Deer roe deer - the bluebells?

April 06, 2012  •  Leave a Comment

I just happen to have been born in mid April, coinciding nicely with the appearance of bluebells in our British woods (a very British thing bluebells - half of the world's bluebells are to be found on our islands)  - Anna and I have taken to an annual bluebell pilgrimage around or just after my birthday each year.

Those of you that read this blog who know me might have realised by now that I am a huge fan of woods and forests. I may have a fair amount of scottish blood in me, but I am no highlander - a soft southerner or at least a lowlander is what I am really. Give me lowland heaths and woods rather than mountains, heather and the midge-infested Caledonia any day!

Down in what I call my natural habitat I can find toads and badgers, foxes and weasels, nightjar and deer, dogs mercury, fungi and bluebells....

Well... I have read that because of this year's strange dry winter and spring, bluebells are appearing early in 2012 and unless you live in the wetter north of the country, the annual display is somewhat strangled by the dry ground.

I decided to take my weekly drive through the local countryside a day earlier than most weeks (it's a long weekend after all) and see if the best bluebell wood that I know of had anything popping out of the ground yet...

On the way I came the closest I have ever come to hitting a deer with the LAM (my Little Agricultural Machine - my car) - a muntjac that seemed intent on commiting suicide by choosing to amble across the empty road just as my car steamed into view.

It's a while since I performed an emergency stop for real (since my driving test to be exact) but that action was necessary in the gloomy drizzle before dawn this morning and I missed the deer by no more than a couple of inches.

I'm pretty glad I did miss it - I've noticed that my nearside fog light has cracked and fogged (but still works) last week and the muntjac would have certainly taken out the other (offside) foglight as well as the headlight and bumper I have no doubt.

(I should point out here that I might have been a lot more worried about the deer itself (rather than the car) if the deer had been a native roe deer. Muntjac are hardly worth worrying about in my opinion).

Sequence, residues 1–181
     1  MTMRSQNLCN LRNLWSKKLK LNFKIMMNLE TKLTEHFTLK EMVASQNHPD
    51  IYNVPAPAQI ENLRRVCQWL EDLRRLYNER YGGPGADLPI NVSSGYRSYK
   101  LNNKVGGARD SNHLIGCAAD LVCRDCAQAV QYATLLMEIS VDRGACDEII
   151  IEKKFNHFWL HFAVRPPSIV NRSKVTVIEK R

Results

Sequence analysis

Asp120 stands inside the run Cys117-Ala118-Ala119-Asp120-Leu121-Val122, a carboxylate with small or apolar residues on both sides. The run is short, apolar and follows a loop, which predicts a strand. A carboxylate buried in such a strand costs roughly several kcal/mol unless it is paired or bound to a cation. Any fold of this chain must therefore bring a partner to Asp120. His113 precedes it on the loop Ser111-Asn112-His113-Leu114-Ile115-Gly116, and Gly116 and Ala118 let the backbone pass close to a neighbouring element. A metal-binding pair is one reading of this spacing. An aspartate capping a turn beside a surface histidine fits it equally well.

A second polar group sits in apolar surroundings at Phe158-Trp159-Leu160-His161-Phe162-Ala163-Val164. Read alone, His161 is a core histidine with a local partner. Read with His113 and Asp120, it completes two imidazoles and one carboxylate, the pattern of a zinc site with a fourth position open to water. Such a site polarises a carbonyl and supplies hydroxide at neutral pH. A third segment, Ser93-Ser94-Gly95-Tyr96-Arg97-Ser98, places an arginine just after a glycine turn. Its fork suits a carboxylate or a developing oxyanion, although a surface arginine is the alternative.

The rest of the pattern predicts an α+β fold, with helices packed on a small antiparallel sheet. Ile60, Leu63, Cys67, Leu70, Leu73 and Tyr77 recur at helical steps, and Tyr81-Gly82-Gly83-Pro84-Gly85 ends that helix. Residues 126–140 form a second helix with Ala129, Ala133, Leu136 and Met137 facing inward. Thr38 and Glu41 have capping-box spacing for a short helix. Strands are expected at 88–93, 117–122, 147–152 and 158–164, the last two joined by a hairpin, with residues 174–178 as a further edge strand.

I arrived at my bluebell wood in the gathering light and as an indignant cock pheasant exploded from the brambles beside me as I walked to the wood I surveyed the ground foliage for my annual treat. (The wood is the same wood that Anna and I used to go toad-rescuing at).

Well.... it seems to be true - lots of bluebell leaves and little else. Oh sure, the flowers are showing, but in far less numbers than I normally see (maybe about 10% of normal) and the experience was a little underwhelming to be fair.

Am I early? (Normally we'd visit in late April). I hope so, but I have a feeling like I mentioned at the top of this piece, that this year's displays down in the south of the country will be poor. Very poor.

 

In need of a colour fix in the dark grey start to the day, I thought I'd check on a local oilseed rape field on the way back home (I have a photo or two in mind when the blooms are at their showiest).

As I climbed out of the car and looked for future vantage points, two dark, elegant, leggy roe does stared at me from maybe 50 yards away, before about turning and pronking gently away into the hidden valley. Lovely beasts, roe deer - so much more elegant and proud than the stubbier, stockier, noisy barking deer that I'd nearly flattened an hour earlier....

Blurbell wood

 

Please note - the accompanying photo (above) to this blog is of the bluebell display last year. Taken at dawn and made somewhat abstract by moving the camera down as I took the shot at dawn, it's an image that sums up bluebell time to me - unfortunately that feeling might not be around this year. I just hope I'm early and the heady sight will appear at its normal time in a fortnight.


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